Posttranslational modifications (PTMs) regulate molecular structures and functions of proteins by covalently binding to amino acids. Hundreds of thousands of PTMs have been reported for the human proteome, with multiple PTMs known to affect tens of thousands of lysine (K) residues. Our molecular evolutionary analyses show that K residues with multiple PTMs exhibit greater conservation than those with a single PTM, but the difference is rather small. In contrast, short-term evolutionary trends revealed in an analysis of human population variation exhibited a much larger difference. Lysine residues with three PTMs show 1.8-fold enrichment of Mendelian disease-associated variants when compared with K residues with two PTMs, with the latter showing 1.7-fold enrichment of these variants when compared with the K residues with one PTM. Rare polymorphisms in humans show a similar trend, which suggests much greater negative selection against mutations of K residues with multiple PTMs within population. Conversely, common polymorphisms are overabundant at unmodified K residues and at K residues with fewer PTMs. The observed difference between inter- and intraspecies patterns of purifying selection on residues with PTMs suggests extensive species-specific drifting of PTM positions. These results suggest that the functionality of a protein is likely conserved, without necessarily conserving the PTM positions over evolutionary time.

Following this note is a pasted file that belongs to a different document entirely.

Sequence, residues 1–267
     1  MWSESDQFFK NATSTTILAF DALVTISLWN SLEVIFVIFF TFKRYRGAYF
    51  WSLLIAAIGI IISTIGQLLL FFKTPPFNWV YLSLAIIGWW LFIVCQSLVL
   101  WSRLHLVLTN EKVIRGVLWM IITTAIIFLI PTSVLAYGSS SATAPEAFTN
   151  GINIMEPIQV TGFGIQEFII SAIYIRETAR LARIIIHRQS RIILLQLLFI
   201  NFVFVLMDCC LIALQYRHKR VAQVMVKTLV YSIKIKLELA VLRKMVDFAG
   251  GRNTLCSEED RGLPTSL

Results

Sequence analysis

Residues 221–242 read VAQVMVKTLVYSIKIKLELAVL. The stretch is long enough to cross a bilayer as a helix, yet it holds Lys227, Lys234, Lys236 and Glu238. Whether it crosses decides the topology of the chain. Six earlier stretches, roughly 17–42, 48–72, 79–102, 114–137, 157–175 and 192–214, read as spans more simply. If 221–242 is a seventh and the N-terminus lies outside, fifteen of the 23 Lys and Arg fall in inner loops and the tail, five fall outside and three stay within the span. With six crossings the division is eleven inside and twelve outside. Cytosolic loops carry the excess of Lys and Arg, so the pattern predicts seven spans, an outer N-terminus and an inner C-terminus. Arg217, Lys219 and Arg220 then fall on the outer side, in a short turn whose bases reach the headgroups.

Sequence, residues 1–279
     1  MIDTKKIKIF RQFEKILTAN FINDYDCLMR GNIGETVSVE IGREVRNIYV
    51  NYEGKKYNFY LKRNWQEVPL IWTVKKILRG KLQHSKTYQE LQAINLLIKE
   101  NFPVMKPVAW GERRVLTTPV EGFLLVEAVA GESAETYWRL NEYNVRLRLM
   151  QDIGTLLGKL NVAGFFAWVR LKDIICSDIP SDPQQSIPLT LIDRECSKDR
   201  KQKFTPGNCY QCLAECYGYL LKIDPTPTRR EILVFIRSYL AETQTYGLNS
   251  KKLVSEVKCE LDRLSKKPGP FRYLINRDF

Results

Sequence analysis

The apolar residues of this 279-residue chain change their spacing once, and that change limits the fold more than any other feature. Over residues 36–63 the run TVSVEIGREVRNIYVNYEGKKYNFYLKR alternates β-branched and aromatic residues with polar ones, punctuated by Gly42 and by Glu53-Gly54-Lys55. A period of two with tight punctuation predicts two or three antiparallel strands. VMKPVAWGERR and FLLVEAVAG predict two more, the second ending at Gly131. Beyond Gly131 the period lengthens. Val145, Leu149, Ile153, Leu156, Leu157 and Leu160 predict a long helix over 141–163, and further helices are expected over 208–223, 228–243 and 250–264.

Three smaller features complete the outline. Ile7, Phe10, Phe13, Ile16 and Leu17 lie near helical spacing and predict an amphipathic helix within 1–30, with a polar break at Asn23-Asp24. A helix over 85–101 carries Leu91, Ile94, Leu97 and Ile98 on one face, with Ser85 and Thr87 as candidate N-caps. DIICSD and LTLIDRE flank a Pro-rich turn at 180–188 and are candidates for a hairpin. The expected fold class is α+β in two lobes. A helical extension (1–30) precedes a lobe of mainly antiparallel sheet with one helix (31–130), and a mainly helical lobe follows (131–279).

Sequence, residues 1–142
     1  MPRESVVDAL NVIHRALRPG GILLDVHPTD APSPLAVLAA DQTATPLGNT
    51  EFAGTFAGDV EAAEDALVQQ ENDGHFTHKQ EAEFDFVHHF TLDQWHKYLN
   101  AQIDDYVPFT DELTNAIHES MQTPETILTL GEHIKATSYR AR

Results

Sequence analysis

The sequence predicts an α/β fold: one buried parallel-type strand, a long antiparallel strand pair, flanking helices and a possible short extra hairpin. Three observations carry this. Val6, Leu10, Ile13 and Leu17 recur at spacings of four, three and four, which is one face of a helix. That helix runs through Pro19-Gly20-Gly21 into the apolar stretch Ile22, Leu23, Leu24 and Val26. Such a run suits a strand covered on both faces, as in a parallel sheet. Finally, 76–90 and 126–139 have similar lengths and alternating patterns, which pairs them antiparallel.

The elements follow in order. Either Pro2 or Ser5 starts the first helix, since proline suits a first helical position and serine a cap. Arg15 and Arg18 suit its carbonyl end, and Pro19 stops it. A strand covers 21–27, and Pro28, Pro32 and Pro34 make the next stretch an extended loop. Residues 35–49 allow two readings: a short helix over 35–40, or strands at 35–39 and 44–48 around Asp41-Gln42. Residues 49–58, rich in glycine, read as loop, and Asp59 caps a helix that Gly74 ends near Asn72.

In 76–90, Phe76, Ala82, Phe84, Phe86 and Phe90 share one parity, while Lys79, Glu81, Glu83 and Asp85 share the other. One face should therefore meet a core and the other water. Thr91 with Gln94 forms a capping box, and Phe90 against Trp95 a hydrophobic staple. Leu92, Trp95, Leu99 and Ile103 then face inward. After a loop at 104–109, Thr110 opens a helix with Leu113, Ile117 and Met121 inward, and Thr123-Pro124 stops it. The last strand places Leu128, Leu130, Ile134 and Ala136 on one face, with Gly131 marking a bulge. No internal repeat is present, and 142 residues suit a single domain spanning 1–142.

Keywords: evolution; posttranslational modification; proteomics.
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